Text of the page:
See also: Beanies aka tuques –

Since I used a windows computer as my server, I had to download and install the windows driver. that process was simple and straightforward. There is a detailed instruction sheet online that tells you how to download the driver and install it on windows; however, there is nothing that tells you how to install it in your server program. Since lh offers four drivers: an asio driver, a wasapi driver, a streaming kernel driver, and a direct sound driver, some suggestions on which one is recommended for popular server programs like j. river music center and foobar2000 would have been helpful; this material is not intuitive. Based on past experience, I used the wasapi driver with j. river media center.

While it was easy to install the driver, it wasn’t easy to update the geek out’s firmware. the upgrade process is described in an instructional video on the lh labs website that seemed a bit rushed and mumbled. I tried three times to perform the update before the process worked. operator error? maybe, but I’m an experienced computer user. an attempt to get help from lh labs technical support was unsuccessful.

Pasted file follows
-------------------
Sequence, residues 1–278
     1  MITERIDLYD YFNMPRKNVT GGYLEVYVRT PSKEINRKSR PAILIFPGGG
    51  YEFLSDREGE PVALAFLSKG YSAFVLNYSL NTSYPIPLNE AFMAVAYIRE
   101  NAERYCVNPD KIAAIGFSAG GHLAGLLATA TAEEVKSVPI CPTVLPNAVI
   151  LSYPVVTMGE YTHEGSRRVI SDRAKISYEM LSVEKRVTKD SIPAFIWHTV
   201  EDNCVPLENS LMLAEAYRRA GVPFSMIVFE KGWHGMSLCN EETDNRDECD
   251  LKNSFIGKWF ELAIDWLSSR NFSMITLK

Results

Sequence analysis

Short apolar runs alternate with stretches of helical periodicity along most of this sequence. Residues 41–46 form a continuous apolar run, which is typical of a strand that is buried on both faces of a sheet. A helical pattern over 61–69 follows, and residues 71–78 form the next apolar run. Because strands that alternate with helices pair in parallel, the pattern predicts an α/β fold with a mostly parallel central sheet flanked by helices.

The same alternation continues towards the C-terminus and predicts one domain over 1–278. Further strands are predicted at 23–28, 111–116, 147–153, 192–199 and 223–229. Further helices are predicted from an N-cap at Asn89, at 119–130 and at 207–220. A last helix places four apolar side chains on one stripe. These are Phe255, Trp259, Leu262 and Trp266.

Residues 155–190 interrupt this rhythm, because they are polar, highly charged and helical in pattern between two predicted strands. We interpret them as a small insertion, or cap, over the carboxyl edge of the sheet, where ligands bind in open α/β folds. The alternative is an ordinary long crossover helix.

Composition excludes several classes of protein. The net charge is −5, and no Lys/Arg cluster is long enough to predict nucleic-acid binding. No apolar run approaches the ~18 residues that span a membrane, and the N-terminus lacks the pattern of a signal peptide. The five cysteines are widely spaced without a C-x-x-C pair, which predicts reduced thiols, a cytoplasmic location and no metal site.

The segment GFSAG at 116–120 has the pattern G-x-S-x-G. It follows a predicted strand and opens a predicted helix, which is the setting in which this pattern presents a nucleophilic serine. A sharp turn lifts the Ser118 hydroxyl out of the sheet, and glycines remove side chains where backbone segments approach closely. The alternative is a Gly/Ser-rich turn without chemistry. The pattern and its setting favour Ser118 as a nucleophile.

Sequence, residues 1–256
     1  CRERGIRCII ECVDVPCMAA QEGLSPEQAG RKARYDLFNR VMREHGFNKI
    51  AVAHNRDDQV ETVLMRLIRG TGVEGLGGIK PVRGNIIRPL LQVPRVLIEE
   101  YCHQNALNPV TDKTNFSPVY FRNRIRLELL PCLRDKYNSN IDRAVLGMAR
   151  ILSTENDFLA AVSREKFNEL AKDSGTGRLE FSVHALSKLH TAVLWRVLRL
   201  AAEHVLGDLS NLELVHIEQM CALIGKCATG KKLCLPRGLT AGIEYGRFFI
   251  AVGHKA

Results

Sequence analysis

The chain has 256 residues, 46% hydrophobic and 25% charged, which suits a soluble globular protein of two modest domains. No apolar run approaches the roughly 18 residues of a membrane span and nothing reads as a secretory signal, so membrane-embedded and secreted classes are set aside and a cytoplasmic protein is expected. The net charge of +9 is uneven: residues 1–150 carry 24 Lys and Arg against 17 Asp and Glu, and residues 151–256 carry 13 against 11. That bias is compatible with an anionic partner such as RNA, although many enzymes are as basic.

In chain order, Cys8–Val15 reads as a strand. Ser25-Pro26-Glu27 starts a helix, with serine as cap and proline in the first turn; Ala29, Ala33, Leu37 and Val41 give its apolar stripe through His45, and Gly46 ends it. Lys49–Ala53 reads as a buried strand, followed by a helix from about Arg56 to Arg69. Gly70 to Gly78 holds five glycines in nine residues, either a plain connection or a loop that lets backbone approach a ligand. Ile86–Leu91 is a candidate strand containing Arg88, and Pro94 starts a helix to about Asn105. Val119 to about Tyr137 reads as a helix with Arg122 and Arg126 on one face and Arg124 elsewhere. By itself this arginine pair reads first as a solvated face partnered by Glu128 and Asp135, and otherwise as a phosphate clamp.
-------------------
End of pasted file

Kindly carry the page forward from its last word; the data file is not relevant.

The driver installation also installed an icon in the windows desktop notification area, which provides a light harmonics control panel that gives access to some of the settings for the geeks, including volume. Unfortunately, the icon consists of several black dots, and since the taskbar at the bottom of my computer screen is also black, the icon was invisible. when I pointed to the apparently vacant space in the notification area, an explanatory message appeared, so I could see that something was actually installed in that space. There are 12 other icons from other programs in my notification area, all visible with different screen configurations, so it seems surprising that light harmonic couldn’t design an icon that is visible for all screen configurations.

the user guide has a stern warning to be careful to turn down the volume before listening. that’s very important, since the geek was running at full volume every time I turned on my computer. I’m not sure why the driver can’t remember the last used volume setting; no other controller i have used, and that would be a lot, has been turned on at full volume. Since the standard windows volume control had no effect on the geek out volume setting, you need to use the “invisible” icon for the light harmonics control panel to control the volume.